Published: March 20, 2013 Updated 10 hours ago
By Renee Elder — email@example.com
RALEIGH — Nurse anesthetists from across the state packed a hearing room at the N.C. General Assembly on Wednesday to show their dislike of a bill that calls for a physician to formally supervise their work.
Certified nurse anesthetists now may work either “in collaboration with” or “under supervision of” doctors, an arrangement that bill sponsors say leaves the CNA-physician relationship vulnerable to interpretation and possible litigation.
The goal is to put into state law “a fundamental patient-safety standard,” said Rep. Nelson Dollar, a Republican from Cary who is one of four primary sponsors of the bill.
“We’re not doing anything to change what happens in the operating room,” Dollar said.
But opponents maintain the bill shifts accountability for anesthesia care to physicians, who may not be willing to take on the added responsibility or possible increases in liability insurance costs.
“It does nothing for patient safety, but creates the potential for increased cost and decreased access to care,” said Vaughna B. Galvin, a CNA who drove up from New Bern for Wednesday’s meeting.
CNAs typically work under supervision of an anesthesiologist where one is on staff, such as at a hospital. In such cases, the anesthesiologist also gets paid, Galvin said. CNAs also may work independently and bill for their services at sites such as out-patient clinics, where they perform their duties in collaboration with surgeons or other physicians.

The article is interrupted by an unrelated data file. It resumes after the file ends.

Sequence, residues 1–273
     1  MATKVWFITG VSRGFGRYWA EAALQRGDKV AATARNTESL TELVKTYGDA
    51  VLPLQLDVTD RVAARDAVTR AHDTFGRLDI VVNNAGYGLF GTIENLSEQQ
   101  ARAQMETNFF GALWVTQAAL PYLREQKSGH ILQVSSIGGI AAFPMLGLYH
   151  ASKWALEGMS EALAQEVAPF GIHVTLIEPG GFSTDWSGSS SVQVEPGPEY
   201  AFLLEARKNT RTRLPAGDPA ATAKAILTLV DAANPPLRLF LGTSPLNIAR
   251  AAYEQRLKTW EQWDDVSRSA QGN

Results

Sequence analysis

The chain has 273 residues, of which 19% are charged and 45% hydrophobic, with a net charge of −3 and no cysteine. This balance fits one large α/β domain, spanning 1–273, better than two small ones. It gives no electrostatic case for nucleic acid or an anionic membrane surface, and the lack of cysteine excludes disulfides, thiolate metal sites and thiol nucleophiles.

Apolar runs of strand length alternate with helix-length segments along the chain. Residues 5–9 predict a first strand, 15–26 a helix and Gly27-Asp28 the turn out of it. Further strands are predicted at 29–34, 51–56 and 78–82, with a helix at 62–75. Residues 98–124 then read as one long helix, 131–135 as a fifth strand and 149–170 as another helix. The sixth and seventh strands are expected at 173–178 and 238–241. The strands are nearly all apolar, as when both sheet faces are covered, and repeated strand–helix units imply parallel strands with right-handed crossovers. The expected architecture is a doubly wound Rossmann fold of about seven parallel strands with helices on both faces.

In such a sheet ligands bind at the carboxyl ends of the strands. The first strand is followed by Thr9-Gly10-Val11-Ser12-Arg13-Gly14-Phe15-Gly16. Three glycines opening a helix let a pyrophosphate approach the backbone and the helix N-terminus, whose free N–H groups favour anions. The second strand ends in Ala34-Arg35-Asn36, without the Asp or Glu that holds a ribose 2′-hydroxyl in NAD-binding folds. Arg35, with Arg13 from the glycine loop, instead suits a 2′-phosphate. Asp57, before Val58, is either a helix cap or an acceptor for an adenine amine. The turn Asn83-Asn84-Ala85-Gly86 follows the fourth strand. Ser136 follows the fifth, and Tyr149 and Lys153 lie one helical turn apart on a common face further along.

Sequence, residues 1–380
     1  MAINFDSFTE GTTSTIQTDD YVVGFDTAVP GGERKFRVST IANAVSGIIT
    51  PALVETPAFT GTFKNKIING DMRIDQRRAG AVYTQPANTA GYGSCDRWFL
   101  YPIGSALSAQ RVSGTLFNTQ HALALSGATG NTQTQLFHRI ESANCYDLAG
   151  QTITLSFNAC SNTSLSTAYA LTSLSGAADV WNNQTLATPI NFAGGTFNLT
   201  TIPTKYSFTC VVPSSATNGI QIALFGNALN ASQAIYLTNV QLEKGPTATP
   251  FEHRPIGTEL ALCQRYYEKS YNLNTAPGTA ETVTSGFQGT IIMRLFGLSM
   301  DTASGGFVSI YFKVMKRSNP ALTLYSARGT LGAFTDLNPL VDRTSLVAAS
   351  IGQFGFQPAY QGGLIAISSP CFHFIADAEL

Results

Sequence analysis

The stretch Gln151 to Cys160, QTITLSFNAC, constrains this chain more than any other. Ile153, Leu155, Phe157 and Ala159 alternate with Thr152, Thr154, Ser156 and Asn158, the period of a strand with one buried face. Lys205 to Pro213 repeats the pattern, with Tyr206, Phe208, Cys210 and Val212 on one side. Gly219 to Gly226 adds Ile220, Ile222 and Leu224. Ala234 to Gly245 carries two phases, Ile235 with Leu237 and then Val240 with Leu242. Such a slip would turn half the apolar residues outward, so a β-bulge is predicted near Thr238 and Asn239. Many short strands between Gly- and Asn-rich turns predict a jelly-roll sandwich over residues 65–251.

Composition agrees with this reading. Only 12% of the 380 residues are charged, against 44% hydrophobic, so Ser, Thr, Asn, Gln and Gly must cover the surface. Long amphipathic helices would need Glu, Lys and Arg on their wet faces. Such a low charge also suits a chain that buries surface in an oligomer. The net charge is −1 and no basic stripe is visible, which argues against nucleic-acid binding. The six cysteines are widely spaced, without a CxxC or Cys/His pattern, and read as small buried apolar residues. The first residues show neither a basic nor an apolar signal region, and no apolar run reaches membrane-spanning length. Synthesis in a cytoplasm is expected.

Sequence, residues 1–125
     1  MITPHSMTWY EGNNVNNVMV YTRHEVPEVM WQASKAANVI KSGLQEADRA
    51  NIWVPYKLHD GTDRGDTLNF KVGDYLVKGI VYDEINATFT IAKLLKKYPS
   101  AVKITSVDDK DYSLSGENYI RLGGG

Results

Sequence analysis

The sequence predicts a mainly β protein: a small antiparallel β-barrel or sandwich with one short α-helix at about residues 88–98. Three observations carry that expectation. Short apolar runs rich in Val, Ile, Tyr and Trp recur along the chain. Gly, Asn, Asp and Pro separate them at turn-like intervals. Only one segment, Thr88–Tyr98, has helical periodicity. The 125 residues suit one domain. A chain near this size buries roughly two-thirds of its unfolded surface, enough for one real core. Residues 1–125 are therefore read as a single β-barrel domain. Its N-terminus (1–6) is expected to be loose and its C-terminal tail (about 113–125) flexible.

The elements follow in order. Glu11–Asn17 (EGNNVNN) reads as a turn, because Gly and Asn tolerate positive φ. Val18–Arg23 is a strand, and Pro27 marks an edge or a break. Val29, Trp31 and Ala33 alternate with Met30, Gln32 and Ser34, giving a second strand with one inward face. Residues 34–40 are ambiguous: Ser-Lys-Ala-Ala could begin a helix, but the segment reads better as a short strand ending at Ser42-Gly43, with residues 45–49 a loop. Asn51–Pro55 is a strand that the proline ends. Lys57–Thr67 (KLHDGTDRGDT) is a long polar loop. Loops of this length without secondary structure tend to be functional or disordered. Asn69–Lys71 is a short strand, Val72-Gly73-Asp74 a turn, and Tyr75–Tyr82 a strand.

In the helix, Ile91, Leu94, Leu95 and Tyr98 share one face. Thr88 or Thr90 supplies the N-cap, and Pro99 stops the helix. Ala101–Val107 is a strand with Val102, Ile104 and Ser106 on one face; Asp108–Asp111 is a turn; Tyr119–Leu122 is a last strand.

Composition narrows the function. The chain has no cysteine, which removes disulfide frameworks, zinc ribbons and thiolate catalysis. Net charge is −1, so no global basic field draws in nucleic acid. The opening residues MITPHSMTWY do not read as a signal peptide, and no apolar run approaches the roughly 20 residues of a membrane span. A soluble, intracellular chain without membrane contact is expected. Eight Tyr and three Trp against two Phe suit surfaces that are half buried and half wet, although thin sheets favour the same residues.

The aging U.S. population and impending increased demand for health care services created by the federal Affordable Care Act have raised concerns about potential health care provider shortages and bolstered efforts to remove barriers for some of them.
The federal government has given states leeway to opt out of physician supervision requirements for nurse anesthetists without sacrificing payments from Medicare. More than 15 states have done so. Others are rethinking supervisory requirements for various types of advance-practice nurses, such as nurse anesthetists, nurse-midwives and nurse practitioners, as a way to reach more patients, especially in underserved rural areas.
A House bill proposes to remove the physician supervision requirement for certified nurse-midwives. Rep. of Sarah Stevens, a Republican from Mt. Airy and one of the primary sponsors, said it was introduced after a number of CNMs reported problems finding doctors willing to supervise their practices. That bill has been referred to the House health care committee, and a Senate version is in the works.
Patrick Ballantine, a lobbyist for the N.C. Association of Nurse Anesthetists, told members of the House subcommittee on regulatory reform Wednesday to consider their mission:
“You are here to reduce unnecessary regulations, not invent new ones,” Ballantine said
Dana Simpson, lobbyist for the N.C. Society of Anesthesiologists, which is backing the bill, said “supervision” simply means that the “physician ultimately is responsible for the patient’s care.”
Rep. Jean Farmer-Butterfield, a Democrat from Wilson, said she has been told some doctors do not want that responsibility.
“I’m concerned,” she said. “Some doctors may not be comfortable providing oversight while doing surgery.”
Such wariness could become “a slippery slope,” said Rep. Donny Lambeth, a Republican from Winston-Salem.
“Anesthesiologists could take all the business, leaving CNAs out in the cold,” Lambeth said.
The regulatory reform committee approved the bill Wednesday by voice vote. It has already been approved by the health and human services committee and now goes to the House floor. A similar bill in the Senate is still waiting to be heard in committee.